hill country observerThe independent newspaper of eastern New York, southwestern Vermont and the Berkshires


News & Issues October 2015



Mayoral races top ballot in Mass., N.Y.



The mayors of Pittsfield and North Adams both appear to face uphill climbs for re-election on Nov. 3 after they each posted distant second-place finishes in preliminary elections held last month.

The two races in the Berkshires, along with mayoral races in Hudson and Saratoga Springs, are among the marquee contests on the ballot this fall in local elections in Massachusetts and New York. Also at stake are city and school board positions in Pittsfield and North Adams and a host of races for town, county and judicial positions across New York.

For the Nov. 3 election, polls are open from 8 a.m. to 8 p.m. in Massachusetts and from 6 a.m. to 9 p.m. in New York. To participate, voters must be registered by Friday, Oct. 9, in New York and by Wednesday, Oct. 14, in Massachusetts. In both states, voters needing absentee ballots must request them no later than Monday, Nov. 2 (the deadline is noon that day in Massachusetts).
In Pittsfield, Mayor Daniel L. Bianchi’s bid for a third term faces a strong challenge from City Clerk Linda Tyer, who placed far ahead of him in last month’s preliminary balloting.

Bianchi has said he wants the chance to continue with infrastructure and other projects begun on his watch, including plans for a new Taconic High School with an estimated cost of $120 million. Tyer has faulted the incumbent’s handling of the city’s crime problems and called for adding more police officers to the city force; she also has characterized Bianchi as divisive and said she would offer a more inclusive city administration.

In the Sept. 22 preliminary election, Tyer received 2,790 votes, or 55 percent, to Bianchi’s 1,960 votes, or 39 percent. Two other candidates, Craig Gaetani and Donna Walto, received 176 and 133 votes respectively and were eliminated from the running. As with other municipal elections in Massachusetts, the race is nonpartisan, with the top two vote-getters advancing to the general election.

Campaign finance reports show that as of Sept. 4, Tyer had outspent Bianchi by a margin of more than 2-to-1 on the mayoral contest. But Bianchi’s campaign had more cash on hand going into the final two months of the race, with $13,000 to Tyer’s $8,000.

Of course, candidates who place first in Massachusetts preliminary elections don’t always prevail in the general election, as Bianchi should know from experience. In his first bid for mayor in 2009, Bianchi bested longtime Mayor James M. Ruberto in the preliminary vote, but Ruberto prevailed in the final round, winning his final term by a 217-vote margin. Bianchi came back to win the seat in 2011 after Ruberto opted to retire. Bianchi was unopposed for re-election two years ago.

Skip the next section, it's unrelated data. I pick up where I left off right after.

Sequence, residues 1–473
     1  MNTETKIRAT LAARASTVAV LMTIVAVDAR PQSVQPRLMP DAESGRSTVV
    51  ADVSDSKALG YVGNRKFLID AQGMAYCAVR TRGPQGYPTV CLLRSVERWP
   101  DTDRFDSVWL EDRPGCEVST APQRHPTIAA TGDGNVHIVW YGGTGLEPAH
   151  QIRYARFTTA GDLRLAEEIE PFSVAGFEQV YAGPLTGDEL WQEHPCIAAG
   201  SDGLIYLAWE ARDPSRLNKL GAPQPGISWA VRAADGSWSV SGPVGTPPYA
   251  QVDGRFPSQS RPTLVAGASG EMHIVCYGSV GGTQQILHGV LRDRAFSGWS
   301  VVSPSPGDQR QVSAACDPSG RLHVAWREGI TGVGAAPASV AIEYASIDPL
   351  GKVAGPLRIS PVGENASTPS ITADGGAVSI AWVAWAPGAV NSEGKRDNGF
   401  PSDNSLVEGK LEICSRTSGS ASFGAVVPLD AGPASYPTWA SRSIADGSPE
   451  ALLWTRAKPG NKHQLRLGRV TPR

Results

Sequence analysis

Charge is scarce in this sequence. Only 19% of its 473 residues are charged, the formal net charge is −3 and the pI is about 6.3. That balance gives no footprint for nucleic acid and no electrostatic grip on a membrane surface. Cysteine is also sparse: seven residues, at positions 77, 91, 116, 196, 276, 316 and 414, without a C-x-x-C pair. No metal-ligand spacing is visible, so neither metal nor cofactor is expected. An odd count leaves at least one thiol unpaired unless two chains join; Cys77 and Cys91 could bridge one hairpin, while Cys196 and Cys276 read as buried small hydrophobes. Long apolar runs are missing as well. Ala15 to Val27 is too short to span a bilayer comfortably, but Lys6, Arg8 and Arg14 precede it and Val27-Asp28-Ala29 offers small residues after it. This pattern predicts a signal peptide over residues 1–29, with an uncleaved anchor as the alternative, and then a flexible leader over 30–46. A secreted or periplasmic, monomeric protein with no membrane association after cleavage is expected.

This year’s campaign features some echoes of the Bianchi-Ruberto contest of 2009, as Tyer is being supported by Ruberto and by Peter M. Marchetti, a longtime city councilor who narrowly lost to Bianchi in 2011 after a campaign in which supporters cast him as Ruberto’s natural heir. In announcing her candidacy in March, Tyer described herself as “a progressive candidate who can continue the momentum started under the Ruberto administration.”

Although the position of Pittsfield mayor has until now carried a two-year term, the winner of this year’s race will serve for four years under a city charter revision that voters approved in 2013.
In North Adams, Mayor Richard Alcombright is seeking a fourth two-year term but faces a strong challenge from John Barrett III, who served as mayor for 26 years before losing to Alcombright in 2009 in a stunning upset.

In the Sept. 22 preliminary election, Barrett received 1,240 votes, or 51 percent, to Alcombright’s 974 votes, or 40 percent. A third candidate, Eric Rudd, drew 204 votes and was eliminated from the running. Barrett was the top vote-getter in all five of the city’s election wards.